anything similar be achieved in Debian? I think it was something to do
This was most certainly in /etc/inittab, although LILO may have had some
hooks to call the different runlevels. It's pretty trivial to do once
you understand the basics of LILO and runlevels.
Yes, you could tweak your run-levels to accomplish this, but most Debian
users find it easier to leave them at the Debian defaults and instead
use tricks like the above Ctrl-Alt-F1 technique to manuever around. Once
in a text VT, you can kill KDE with the command "/etc/init.d/kdm stop",
and then start it again later with "/etc/init.d/kdm start" (or you could
reboot, but why?). About the only time the Debian defaults cause
problems is when you have a session manager that automatically loads on
boot-up and X has something wrong that causes the machine to freeze; in
that situation, rather than having different options in LILO, we just
run "linux single" at the "boot:" prompt to start up in single-user
mode, and then fix the problem.
I managed to sidestep the problem on this occasion by SSH'ing in from a
Windows PC (3 cheers for the installation routines configuring the
network) then running dpkg-reconfigure xserver-xfree86 and trying a
different set of keyboard/mouse options. Interestingly I was asked a
slightly different series of questions than I was when I first
I believe the installer's routines for setting mouse/etc up are a bit
different than the routines in the relevant packages that were installed
and/or configured after the installer's routines ran. As you update to
newer packages in the future, you may find that process changes again.
4) Does anyone know which driver I should be selecting to support a MS
Trackball Explorer. At present I have it as a basic PS2 mouse so I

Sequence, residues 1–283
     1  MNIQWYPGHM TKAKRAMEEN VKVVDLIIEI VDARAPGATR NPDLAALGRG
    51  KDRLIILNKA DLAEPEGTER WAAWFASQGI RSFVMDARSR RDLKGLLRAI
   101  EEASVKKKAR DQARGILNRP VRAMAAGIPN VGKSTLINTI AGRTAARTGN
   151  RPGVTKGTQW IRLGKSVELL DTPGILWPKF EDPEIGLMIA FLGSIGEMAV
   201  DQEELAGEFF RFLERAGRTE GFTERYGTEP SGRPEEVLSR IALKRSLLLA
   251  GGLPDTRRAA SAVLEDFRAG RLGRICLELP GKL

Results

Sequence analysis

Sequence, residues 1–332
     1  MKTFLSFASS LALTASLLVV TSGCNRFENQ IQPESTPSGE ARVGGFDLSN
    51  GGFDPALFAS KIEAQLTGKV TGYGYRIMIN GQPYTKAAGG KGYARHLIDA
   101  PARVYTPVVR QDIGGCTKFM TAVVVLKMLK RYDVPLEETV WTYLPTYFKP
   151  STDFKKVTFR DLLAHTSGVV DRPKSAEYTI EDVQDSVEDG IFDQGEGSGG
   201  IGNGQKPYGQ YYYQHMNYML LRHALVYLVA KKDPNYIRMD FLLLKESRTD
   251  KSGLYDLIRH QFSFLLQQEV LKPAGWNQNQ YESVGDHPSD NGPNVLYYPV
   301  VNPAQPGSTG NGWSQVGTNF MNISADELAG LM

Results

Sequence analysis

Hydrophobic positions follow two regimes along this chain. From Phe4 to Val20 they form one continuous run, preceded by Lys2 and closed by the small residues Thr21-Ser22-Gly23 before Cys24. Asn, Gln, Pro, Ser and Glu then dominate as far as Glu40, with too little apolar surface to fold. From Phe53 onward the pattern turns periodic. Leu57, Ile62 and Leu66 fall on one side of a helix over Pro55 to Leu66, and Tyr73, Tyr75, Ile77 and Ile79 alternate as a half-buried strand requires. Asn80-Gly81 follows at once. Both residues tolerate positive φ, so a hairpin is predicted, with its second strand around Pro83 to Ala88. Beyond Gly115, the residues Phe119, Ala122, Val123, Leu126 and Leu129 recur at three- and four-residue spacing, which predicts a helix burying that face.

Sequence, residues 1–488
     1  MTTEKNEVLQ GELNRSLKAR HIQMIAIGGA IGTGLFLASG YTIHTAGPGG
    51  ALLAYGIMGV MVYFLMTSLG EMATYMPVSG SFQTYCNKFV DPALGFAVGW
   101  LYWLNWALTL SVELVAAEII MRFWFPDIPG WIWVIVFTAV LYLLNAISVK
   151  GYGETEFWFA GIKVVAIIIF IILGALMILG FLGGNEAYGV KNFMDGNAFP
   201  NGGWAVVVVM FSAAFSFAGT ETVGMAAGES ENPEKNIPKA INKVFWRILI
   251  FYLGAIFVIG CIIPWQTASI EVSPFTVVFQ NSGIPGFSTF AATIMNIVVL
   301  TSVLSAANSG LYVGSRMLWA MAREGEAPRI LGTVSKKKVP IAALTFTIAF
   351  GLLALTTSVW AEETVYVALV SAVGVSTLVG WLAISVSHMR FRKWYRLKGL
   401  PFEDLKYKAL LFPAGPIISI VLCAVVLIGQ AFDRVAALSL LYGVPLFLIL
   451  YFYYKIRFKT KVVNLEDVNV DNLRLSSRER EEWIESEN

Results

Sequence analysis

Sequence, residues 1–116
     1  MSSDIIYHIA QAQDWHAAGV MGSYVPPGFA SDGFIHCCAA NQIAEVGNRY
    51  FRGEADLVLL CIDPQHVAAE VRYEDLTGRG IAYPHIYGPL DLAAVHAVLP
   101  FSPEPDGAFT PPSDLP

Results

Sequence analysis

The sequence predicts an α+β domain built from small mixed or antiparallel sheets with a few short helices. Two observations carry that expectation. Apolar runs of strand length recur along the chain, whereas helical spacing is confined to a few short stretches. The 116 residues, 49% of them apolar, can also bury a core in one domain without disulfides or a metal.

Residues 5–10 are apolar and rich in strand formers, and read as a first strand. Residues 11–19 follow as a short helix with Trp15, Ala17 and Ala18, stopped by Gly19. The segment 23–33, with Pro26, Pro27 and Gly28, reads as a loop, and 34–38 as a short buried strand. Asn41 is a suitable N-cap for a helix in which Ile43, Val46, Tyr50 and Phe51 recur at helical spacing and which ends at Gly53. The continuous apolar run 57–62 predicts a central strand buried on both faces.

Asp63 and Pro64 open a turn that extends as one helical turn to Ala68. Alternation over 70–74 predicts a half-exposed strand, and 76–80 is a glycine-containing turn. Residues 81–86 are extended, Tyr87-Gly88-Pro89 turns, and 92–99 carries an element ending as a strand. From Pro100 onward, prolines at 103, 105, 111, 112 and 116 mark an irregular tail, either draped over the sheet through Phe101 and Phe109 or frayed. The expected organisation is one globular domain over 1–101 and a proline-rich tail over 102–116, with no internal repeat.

lose the use of the wheel, the extra buttons etc. I originally tried
the iexplore driver but that clearly wasn't what I wanted and, given
the mess it got me into, I'm kind of reluctant to apply trial-and-error
to any of the others.
Not sure, but you might try "imps2" as the protocol rather than "ps2".
Experimentation with mice is one of the reasons I like to run gpm in
addition to the standard X mouse driver; it's easier/quicker to get
results with gpm than with X. See the "mouse" thread earlier today.
5) Unrelated to the foregoing, is there an apt-get command (or any
other command) that basically says "go and get all the security patches
applicable to anything I've got installed" such that I can keep the
system up to date?
Make sure you have the "security" line in /etc/apt/sources.list, then run:
This will update any new packages, including security-related packages.
If you stay with stable, you'll mostly get only security updates. If you
upgrade to testing or stable, you'll get lots of new stuff often, so you
might want to tweak your commands above to just get the stuff from
"security"; I've never played much with limiting the downloads/upgrades
that way, but others can probably guide you on this.
You'll have to run this every so often (daily, weekly, whatever you're
comfortable with). You can even set up a cron job to do it for you
automatically, or with a bit of work, set up a cron to download the
packages, but not install them until you decide to install them manually.